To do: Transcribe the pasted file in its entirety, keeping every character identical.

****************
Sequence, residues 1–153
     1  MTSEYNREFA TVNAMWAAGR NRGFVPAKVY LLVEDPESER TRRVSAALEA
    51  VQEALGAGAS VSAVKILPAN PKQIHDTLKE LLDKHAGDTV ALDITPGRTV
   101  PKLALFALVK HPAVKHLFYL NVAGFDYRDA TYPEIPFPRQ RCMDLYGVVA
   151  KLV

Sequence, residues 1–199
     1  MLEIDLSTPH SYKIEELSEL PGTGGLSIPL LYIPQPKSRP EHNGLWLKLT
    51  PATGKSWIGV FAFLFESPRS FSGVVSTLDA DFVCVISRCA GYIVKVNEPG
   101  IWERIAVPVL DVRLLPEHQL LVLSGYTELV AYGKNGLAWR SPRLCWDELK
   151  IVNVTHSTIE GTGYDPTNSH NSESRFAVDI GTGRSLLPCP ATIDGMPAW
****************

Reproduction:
Sequence, residues 1–153
     1  MTSEYNREFA TVNAMWAAGR NRGFVPAKVY LLVEDPESER TRRVSAALEA
    51  VQEALGAGAS VSAVKILPAN PKQIHDTLKE LLDKHAGDTV ALDITPGRTV
   101  PKLALFALVK HPAVKHLFYL NVAGFDYRDA TYPEIPFPRQ RCMDLYGVVA
   151  KLV

Sequence, residues 1–199
     1  MLEIDLSTPH SYKIEELSEL PGTGGLSIPL LYIPQPKSRP EHNGLWLKLT
    51  PATGKSWIGV FAFLFESPRS FSGVVSTLDA DFVCVISRCA GYIVKVNEPG
   101  IWERIAVPVL DVRLLPEHQL LVLSGYTELV AYGKNGLAWR SPRLCWDELK
   151  IVNVTHSTIE GTGYDPTNSH NSESRFAVDI GTGRSLLPCP ATIDGMPAW